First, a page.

• Non-combustion - low or zero tax to incentivise switching. Because they are much less risky and substitute for combustion products to create a health benefit, the vaping and other non-combustible products should attract a much lower or zero rate of excise duty. At the very least, this pro-public health option should not be prevented by a revised directive by permitting a zero minimum tax rate for all non-combustible products.
    • Ethical linkage between combustion and non-combustion tax. Given the concentration of smoking in poor or disadvantaged groups, combustion taxes must be increased with great care because of the regressive effects and poor rates of smoking cessation. If taxes on an addictive and harmful product (cigarettes) are going to rise to support Europe’s Beating Cancer plan, then there is an ethical imperative to provide attractive alternatives that allow the user to both reduce risk and save money.
    • Maximum smoke-free tax threshold. As well as setting a minimum level for non- combustibles at zero and encouraging a steep fiscal gradient between smoked and smoke-free products, there should be some protection of this gradient across the EU by setting a maximum tax level for the four classes of non-combustibles at a level equivalent to half [or other fraction] of the lowest level set combustible products.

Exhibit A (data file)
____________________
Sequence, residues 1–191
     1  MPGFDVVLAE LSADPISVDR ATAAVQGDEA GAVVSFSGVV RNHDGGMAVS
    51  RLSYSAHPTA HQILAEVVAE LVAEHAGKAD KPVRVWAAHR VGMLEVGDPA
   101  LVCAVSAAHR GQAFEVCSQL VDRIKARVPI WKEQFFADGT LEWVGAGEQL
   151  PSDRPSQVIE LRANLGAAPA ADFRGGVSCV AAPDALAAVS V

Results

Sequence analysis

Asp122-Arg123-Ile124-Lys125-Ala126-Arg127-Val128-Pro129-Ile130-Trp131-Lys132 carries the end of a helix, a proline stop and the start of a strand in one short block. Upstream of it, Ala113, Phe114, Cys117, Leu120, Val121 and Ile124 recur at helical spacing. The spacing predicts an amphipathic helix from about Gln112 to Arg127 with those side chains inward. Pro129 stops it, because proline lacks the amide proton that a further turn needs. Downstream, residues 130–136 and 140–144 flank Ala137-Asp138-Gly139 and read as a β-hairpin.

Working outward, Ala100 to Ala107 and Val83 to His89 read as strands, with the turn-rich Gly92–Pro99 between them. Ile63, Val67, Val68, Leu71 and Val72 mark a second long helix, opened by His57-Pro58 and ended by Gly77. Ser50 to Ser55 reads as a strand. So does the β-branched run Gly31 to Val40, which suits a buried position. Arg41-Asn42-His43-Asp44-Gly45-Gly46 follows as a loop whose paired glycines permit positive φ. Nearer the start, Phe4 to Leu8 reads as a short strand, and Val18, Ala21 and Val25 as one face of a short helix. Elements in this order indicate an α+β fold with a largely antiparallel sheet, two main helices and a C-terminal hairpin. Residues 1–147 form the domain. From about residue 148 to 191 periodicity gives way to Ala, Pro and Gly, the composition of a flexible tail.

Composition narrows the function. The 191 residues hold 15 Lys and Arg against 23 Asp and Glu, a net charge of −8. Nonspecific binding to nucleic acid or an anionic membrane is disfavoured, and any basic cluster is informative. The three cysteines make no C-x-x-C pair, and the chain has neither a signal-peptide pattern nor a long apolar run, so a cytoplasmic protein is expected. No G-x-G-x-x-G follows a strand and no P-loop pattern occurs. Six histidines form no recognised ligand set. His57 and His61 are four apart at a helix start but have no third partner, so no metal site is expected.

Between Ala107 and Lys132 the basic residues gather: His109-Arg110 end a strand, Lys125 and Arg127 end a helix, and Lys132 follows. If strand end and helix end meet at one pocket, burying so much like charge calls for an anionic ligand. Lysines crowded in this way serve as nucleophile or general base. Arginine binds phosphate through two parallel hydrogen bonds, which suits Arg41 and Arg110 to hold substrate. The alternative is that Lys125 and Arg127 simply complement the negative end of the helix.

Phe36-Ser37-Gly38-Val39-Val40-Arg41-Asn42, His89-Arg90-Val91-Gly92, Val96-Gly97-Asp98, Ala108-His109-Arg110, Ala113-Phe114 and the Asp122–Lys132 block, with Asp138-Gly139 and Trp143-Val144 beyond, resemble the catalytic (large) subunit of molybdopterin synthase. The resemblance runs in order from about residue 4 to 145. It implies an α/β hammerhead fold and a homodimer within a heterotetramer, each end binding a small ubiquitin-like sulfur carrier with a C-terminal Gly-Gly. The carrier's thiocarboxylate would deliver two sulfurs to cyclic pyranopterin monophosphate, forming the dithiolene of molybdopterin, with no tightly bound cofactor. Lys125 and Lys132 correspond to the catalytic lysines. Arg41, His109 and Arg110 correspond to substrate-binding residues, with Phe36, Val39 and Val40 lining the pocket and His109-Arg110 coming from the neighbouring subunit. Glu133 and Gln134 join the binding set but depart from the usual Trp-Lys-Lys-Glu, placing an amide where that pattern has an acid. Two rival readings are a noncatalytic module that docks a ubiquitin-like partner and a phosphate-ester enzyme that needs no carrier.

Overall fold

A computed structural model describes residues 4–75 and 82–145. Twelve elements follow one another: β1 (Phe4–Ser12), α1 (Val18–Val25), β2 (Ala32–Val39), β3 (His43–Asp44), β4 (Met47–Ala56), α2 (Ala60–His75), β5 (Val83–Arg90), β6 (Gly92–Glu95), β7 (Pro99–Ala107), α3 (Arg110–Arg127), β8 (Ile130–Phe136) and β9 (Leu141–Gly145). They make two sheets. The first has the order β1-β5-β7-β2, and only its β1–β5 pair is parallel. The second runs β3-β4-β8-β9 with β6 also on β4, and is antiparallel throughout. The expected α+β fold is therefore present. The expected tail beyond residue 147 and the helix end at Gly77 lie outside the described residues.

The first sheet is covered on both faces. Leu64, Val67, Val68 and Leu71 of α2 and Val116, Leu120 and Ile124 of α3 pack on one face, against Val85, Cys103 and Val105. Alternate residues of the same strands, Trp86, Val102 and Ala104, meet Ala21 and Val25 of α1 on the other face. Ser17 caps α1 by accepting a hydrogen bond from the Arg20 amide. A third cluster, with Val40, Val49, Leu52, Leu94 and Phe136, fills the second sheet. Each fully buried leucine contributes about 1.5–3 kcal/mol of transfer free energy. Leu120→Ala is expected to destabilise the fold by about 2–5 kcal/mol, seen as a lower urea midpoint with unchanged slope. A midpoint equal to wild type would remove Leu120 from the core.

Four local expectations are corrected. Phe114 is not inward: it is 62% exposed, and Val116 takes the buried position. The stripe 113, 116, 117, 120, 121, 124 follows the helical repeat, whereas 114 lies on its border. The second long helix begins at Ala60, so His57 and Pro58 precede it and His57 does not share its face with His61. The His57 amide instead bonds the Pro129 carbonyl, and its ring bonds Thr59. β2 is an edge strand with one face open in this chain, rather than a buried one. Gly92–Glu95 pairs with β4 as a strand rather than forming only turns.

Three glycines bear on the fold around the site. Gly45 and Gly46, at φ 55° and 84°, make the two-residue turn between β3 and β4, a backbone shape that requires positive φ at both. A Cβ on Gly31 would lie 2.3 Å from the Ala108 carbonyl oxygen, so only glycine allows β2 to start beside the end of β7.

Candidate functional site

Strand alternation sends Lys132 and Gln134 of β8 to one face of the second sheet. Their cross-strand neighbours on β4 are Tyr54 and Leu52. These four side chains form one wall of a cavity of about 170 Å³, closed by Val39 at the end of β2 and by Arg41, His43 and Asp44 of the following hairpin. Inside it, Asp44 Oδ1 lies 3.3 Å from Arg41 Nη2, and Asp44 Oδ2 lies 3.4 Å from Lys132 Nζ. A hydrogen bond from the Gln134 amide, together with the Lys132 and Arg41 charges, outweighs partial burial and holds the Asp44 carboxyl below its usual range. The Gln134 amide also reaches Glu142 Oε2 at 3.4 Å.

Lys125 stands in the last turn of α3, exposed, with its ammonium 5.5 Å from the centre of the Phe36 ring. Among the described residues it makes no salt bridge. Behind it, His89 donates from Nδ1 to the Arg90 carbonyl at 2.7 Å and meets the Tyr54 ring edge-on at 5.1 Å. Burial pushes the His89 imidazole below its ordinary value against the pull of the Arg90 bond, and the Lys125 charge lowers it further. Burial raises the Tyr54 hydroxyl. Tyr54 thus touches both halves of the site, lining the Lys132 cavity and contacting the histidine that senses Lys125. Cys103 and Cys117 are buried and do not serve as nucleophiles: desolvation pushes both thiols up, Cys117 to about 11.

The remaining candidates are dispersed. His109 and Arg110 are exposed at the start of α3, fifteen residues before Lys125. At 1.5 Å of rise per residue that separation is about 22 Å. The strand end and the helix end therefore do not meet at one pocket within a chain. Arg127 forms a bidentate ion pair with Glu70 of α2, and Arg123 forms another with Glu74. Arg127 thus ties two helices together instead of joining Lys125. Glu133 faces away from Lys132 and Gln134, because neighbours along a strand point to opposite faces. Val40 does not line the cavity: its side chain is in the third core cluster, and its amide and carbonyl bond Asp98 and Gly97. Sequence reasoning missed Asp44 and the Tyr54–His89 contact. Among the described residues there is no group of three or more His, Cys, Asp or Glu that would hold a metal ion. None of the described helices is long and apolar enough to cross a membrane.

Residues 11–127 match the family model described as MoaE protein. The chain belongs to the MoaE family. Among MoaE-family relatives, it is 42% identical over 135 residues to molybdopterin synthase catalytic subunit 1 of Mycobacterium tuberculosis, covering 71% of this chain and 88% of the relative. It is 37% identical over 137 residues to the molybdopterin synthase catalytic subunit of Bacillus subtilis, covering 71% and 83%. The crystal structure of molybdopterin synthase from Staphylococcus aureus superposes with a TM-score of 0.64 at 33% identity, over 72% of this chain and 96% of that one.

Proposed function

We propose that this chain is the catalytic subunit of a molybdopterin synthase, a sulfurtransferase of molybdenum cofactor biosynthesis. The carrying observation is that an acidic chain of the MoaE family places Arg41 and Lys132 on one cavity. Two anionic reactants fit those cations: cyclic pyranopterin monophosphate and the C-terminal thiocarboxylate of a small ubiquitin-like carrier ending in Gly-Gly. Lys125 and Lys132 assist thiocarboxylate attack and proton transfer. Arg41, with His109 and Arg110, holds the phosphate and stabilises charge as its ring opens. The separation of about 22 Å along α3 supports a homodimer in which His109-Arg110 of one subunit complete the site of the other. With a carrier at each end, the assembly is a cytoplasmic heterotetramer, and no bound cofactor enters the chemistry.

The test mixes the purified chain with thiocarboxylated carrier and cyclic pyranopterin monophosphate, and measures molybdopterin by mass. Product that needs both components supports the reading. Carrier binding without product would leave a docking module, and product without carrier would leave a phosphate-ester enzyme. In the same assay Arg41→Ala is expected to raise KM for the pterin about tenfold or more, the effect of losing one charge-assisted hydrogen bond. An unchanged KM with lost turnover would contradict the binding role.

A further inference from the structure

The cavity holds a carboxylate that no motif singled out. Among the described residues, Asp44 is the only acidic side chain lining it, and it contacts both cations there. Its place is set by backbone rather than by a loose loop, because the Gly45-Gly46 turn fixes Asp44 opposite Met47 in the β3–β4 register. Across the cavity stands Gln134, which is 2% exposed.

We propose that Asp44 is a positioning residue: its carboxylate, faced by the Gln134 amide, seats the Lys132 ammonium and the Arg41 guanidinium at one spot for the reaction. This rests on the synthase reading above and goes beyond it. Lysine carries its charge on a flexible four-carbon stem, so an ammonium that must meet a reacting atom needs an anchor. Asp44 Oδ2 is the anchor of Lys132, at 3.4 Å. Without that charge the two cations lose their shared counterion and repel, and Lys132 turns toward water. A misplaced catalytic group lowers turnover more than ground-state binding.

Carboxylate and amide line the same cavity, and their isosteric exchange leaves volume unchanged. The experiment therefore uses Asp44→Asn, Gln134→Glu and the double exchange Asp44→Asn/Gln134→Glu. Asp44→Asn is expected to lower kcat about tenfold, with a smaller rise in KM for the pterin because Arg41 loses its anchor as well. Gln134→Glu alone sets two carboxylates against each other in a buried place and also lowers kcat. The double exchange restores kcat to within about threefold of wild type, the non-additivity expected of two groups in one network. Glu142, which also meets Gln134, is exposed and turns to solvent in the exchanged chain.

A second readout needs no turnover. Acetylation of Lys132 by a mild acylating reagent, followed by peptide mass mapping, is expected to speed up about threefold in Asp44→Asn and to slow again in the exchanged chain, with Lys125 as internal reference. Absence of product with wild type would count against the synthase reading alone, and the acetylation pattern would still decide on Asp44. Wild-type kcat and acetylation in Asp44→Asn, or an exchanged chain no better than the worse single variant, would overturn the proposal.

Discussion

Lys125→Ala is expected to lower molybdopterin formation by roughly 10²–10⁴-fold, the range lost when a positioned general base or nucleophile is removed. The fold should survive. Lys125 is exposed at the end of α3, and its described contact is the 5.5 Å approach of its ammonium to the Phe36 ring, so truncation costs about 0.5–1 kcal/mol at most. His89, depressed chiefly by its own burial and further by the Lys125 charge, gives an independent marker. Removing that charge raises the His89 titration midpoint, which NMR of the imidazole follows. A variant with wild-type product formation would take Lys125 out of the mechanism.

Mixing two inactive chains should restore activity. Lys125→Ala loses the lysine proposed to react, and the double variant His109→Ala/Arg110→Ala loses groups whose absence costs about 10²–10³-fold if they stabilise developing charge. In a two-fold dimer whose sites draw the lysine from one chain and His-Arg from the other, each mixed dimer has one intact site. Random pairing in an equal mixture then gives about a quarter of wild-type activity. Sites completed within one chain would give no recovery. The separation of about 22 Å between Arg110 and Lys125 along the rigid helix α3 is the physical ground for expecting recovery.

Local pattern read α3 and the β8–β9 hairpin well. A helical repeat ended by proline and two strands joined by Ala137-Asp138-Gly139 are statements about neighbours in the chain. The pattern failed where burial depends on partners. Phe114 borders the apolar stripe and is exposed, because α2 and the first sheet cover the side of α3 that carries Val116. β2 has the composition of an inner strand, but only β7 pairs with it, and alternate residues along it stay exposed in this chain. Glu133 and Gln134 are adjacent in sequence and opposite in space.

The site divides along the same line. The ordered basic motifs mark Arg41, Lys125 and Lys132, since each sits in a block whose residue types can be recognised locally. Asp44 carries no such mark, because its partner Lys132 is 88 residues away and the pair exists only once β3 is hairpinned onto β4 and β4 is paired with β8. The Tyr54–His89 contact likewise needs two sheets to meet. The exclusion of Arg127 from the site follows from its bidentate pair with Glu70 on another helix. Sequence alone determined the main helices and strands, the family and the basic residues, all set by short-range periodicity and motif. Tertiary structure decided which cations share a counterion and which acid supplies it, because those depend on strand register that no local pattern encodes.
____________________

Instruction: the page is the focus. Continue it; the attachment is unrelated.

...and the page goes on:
• Tax administration costs. If the tax is made approximately risk-proportionate, the annual tax burden on a user would be less than five percent of that falling on a smoker. This would be unlikely to justify the tax administration costs. Setting a higher tax would reduce the fiscal incentive to switch and cause more smoking and disease (see Royal College of Physicians 13 )
    • Tax point. The tax system should be designed to place the administrative burden high up in the value chain to concentrate tax administration in the wholesale supply where there is a smaller number of larger economic entities. Vape shops should not be a tax point.
    • Tax base. Given the great diversity of products available and wide range of usage patterns, we can see perverse incentives with every proposed tax base.
      • Ad valorem: will penalise trust-building brands, high quality design and build, and expenditure on product stewardship beyond that required by law.,
      • By volume of e-liquid: will favour users switching to higher strength liquids or buying non-nicotine liquids and adding nicotine concentrates. This creates the greatest distortion within the vaping market, given users can prefer consuming large volumes of weak liquids or low volumes of stronger liquids.